The role of promotions are proving to be the biggest disruptor in the Australian FMCG retail market, according to research by Nielsen, with promotional effectiveness diminishing as promotional fatigue amongst consumers increases.
The FMCG market is being disrupted on several fronts; by retailer brand and category strategies around private label, increasing consumer preferences for fresh, and structural changes in food retailing with growing popularity of online grocery shopping, said Greg Dring, head of demand strategy at Nielsen.
Recent research has shown that Australia, along with New Zealand, has become a retail promotion capital of the world, and consumers are growing weary.
In the quarter ending August 2014, 40.2% of total grocery sales were sold on promotion. An even higher percentage number was recorded in New Zealand where 56.9% of total grocery sales were sold on promotion over the last 12 months. This compares with peer markets such as the United States (36.7%) and the United Kingdom (33.4%).
This huge reliance on promotions has come about due in part to a lag in Australian FMCG wholesale sales volume and value growth since 2010, while wholesale sales value has actually declined for three of the last four years as have wholesale volumes.
“The two biggest influences on FMCG wholesale volume performance has been consumers’ preference for fresh with resultant weakness in dry grocery, non-food grocery, frozen foods and health and beauty and growing preference for private label (+180 basis points in market share since 2012) and in particular premium private label as a substitute for core ranged national brands,” Nielsen said.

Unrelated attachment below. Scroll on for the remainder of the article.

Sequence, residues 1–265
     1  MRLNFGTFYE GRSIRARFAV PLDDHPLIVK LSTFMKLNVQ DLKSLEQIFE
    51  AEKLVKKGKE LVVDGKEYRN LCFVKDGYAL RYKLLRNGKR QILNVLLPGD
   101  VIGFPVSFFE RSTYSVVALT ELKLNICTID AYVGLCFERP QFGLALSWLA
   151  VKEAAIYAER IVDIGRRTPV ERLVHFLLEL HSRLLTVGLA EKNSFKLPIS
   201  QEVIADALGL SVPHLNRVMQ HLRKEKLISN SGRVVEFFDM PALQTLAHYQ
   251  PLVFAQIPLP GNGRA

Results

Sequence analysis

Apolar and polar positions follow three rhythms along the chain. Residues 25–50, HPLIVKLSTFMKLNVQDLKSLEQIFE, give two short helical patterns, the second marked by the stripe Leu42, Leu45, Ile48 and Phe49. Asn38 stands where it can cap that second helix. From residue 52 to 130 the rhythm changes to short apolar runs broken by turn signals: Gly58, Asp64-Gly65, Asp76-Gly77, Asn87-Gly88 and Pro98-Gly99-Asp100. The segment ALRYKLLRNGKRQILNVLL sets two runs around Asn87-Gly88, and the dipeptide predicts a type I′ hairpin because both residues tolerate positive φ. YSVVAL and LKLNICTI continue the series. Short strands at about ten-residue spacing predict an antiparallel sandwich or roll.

However, across continental Europe the percentage of FMCG sales sold on promotion is inversely proportional to the market development of hard discounters. European markets where ALDI Nord or Sud and Lidl operate and dominate tend to have a lower percentage of sales on promotion.
Conversely markets where there is no hard discounter sub channel such as New Zealand have very high percentages of sales sold on promotion.
Based on responses to Nielsen’s 2014 Retail Landscape Survey, manufacturers and retailers see the need for changes in promotional programs and have plans to reduce activity although manufacturers seem to be more aggressive in their intentions.
For more information, look up Nielsen Insights: http://www.nielsen.com/au/en/insights/news/2014/promotions-not-so-special-anymore.html